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Blood. 2018 Nov 8;132(19):2053-2066. doi: 10.1182/blood-2018-05-848408. Epub 2018 Sep 13.

Bone marrow-specific loss of ABI1 induces myeloproliferative neoplasm with features resembling human myelofibrosis.

Author information

1
Signal Transduction Laboratory, Division of Hematology/Oncology at Rhode Island Hospital and Warren Alpert Medical School at Brown University, Providence, RI.
2
Flow Cytometry and Cell Sorting Core Facility, Roger Williams Medical Center, Providence, RI.
3
Center of Biomedical Research Excellence (COBRE), Center for Cancer Research Development, Proteomics Core Facility, Rhode Island Hospital, Providence, RI.
4
Division of Biology and Medicine, Brown University, Providence, RI.
5
Department of Pathology and Laboratory Medicine at Rhode Island Hospital and Warren Alpert Medical School at Brown University, Providence, RI.
6
Division of Hematology/Oncology at Rhode Island Hospital and Warren Alpert Medical School at Brown University, Providence, RI.
7
Genomics Core Facility, Brown University, Providence, RI.
8
Department of Biostatistics, Yale School of Public Health, New Haven, CT.
9
Center for Regenerative Medicine "Stefano Ferrari," Department of Life Sciences, University of Modena and Reggio Emilia, Modena, Italy.
10
CRIMM, Center for Research and Innovation for Myeloproliferative Neoplasms, AOU Careggi, and.
11
Department of Experimental and Clinical Medicine, University of Florence, Excellence Center Denothe, Florence, Italy.
12
Cytobiochemistry Laboratory, Department of Biotechnology, University of Wroclaw, Wroclaw, Poland.
13
Department of Urology, State University of New York Upstate Medical University, Syracuse, NY.
14
Cardiovascular Laboratory, Department of Surgery, Roger Williams Medical Center, Boston University School of Medicine, Providence, RI.
15
Department of Molecular Pharmacology, Physiology, and Biotechnology, Brown University, Providence, RI; and.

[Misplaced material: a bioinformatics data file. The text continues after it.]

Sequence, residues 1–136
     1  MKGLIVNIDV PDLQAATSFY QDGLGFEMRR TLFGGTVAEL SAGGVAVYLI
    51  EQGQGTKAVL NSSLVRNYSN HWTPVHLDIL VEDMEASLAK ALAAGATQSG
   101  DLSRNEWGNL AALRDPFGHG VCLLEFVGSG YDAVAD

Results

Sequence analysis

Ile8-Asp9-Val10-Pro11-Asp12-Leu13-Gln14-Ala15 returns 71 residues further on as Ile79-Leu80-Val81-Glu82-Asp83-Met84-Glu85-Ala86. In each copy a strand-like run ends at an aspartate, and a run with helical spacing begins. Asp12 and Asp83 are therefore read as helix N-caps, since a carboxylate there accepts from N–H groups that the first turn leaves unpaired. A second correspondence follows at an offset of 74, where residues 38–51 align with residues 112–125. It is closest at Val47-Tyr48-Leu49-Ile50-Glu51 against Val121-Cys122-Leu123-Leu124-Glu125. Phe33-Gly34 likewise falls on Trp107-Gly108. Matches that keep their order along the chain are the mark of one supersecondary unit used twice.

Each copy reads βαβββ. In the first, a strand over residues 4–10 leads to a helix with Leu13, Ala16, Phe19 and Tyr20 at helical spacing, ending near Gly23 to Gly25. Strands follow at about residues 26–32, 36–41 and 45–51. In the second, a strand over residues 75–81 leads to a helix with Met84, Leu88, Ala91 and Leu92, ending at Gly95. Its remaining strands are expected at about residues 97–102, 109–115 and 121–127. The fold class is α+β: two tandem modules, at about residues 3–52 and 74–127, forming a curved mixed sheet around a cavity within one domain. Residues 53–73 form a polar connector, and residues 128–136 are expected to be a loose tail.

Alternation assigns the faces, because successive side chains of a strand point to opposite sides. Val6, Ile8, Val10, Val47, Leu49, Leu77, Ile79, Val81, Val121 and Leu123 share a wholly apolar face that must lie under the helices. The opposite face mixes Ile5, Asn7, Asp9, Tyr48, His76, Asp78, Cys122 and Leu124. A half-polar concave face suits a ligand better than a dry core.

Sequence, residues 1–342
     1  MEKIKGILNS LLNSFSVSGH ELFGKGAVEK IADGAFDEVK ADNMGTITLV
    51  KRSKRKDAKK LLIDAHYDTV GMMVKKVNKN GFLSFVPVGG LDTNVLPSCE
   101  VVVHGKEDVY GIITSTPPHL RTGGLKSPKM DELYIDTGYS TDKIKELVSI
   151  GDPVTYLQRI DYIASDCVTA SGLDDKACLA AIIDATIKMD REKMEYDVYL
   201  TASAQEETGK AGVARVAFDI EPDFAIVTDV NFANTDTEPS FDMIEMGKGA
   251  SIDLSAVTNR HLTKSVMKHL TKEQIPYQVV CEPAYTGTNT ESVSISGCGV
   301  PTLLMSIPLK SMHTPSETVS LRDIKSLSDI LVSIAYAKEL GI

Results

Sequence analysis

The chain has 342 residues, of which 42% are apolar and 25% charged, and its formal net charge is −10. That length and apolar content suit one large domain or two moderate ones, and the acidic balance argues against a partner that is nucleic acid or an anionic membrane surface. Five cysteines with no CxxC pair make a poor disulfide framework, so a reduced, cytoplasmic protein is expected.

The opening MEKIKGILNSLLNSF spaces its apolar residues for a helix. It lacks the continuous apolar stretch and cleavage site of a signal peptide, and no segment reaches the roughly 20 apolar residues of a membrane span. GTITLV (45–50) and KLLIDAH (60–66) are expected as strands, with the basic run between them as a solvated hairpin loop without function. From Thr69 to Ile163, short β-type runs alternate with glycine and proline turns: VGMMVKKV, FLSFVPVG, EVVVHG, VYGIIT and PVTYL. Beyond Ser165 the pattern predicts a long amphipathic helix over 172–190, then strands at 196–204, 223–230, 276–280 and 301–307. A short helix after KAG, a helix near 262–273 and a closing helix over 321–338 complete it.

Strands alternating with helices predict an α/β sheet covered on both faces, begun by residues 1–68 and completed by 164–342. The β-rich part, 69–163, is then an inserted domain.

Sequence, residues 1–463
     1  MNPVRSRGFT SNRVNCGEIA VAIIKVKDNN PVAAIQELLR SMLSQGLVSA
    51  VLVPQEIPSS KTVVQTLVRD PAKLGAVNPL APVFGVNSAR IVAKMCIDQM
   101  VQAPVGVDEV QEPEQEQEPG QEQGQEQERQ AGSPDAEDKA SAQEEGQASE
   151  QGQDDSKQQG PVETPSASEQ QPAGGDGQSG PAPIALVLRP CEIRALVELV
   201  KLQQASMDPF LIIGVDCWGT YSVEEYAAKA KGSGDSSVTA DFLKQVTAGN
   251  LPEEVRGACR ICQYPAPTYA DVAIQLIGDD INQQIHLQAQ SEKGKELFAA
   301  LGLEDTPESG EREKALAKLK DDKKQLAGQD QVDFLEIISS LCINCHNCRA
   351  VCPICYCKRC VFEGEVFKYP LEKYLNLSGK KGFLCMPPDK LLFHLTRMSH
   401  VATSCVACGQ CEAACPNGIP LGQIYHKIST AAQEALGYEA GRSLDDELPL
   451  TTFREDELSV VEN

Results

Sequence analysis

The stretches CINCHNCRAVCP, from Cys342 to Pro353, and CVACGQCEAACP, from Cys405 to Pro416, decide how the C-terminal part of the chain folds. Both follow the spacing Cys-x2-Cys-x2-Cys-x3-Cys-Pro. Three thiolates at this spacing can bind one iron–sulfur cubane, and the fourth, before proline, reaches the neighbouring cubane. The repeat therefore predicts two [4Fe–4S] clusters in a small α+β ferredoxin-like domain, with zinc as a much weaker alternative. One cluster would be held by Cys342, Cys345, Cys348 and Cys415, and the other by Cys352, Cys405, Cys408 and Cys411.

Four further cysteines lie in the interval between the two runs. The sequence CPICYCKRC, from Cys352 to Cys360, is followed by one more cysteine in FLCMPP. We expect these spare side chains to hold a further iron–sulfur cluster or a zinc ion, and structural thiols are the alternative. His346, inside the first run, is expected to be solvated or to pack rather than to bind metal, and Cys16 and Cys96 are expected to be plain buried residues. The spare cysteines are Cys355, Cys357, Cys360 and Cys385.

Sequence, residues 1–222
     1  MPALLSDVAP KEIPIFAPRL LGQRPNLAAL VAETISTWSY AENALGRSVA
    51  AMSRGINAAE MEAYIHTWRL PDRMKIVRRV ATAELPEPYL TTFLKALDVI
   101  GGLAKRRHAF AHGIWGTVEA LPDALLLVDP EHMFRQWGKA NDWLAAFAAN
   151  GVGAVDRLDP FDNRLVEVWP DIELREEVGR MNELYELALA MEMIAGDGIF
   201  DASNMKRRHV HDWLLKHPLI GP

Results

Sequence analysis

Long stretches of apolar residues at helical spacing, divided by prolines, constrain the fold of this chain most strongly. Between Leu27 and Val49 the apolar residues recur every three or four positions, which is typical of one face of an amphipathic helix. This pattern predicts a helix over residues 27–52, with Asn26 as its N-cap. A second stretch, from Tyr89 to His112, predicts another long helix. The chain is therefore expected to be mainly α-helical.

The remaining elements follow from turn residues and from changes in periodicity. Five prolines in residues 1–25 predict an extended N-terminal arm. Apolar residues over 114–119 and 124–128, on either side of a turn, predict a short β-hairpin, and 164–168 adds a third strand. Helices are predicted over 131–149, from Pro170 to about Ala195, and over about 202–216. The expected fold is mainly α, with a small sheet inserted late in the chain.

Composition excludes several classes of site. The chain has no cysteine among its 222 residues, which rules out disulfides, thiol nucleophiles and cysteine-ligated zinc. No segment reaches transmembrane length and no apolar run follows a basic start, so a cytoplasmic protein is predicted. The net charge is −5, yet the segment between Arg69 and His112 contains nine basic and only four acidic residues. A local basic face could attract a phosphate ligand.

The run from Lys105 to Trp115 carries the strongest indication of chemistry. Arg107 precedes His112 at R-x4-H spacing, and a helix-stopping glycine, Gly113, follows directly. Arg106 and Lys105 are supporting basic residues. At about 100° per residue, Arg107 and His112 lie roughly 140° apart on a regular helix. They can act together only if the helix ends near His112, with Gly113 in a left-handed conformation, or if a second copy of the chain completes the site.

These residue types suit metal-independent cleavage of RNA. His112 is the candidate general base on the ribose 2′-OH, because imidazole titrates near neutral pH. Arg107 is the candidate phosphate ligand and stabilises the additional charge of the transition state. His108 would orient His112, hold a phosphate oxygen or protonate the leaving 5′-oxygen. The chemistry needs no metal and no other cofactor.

16
Department of Pediatrics, Brown University and Rhode Island Hospital, Providence, RI.

Abstract

Although the pathogenesis of primary myelofibrosis (PMF) and other myeloproliferative neoplasms (MPNs) is linked to constitutive activation of the JAK-STAT pathway, JAK inhibitors have neither curative nor MPN-stem cell-eradicating potential, indicating that other targetable mechanisms are contributing to the pathophysiology of MPNs. We previously demonstrated that Abelson interactor 1 (Abi-1), a negative regulator of Abelson kinase 1, functions as a tumor suppressor. Here we present data showing that bone marrow-specific deletion of Abi1 in a novel mouse model leads to development of an MPN-like phenotype resembling human PMF. Abi1 loss resulted in a significant increase in the activity of the Src family kinases (SFKs), STAT3, and NF-κB signaling. We also observed impairment of hematopoietic stem cell self-renewal and fitness, as evidenced in noncompetitive and competitive bone marrow transplant experiments. CD34+ hematopoietic progenitors and granulocytes from patients with PMF showed decreased levels of ABI1 transcript as well as increased activity of SFKs, STAT3, and NF-κB. In aggregate, our data link the loss of Abi-1 function to hyperactive SFKs/STAT3/NF-κB signaling and suggest that this signaling axis may represent a regulatory module involved in the molecular pathophysiology of PMF.

PMID:
30213875
PMCID:
PMC6236464
DOI:
10.1182/blood-2018-05-848408
[Indexed for MEDLINE]
Free PMC Article

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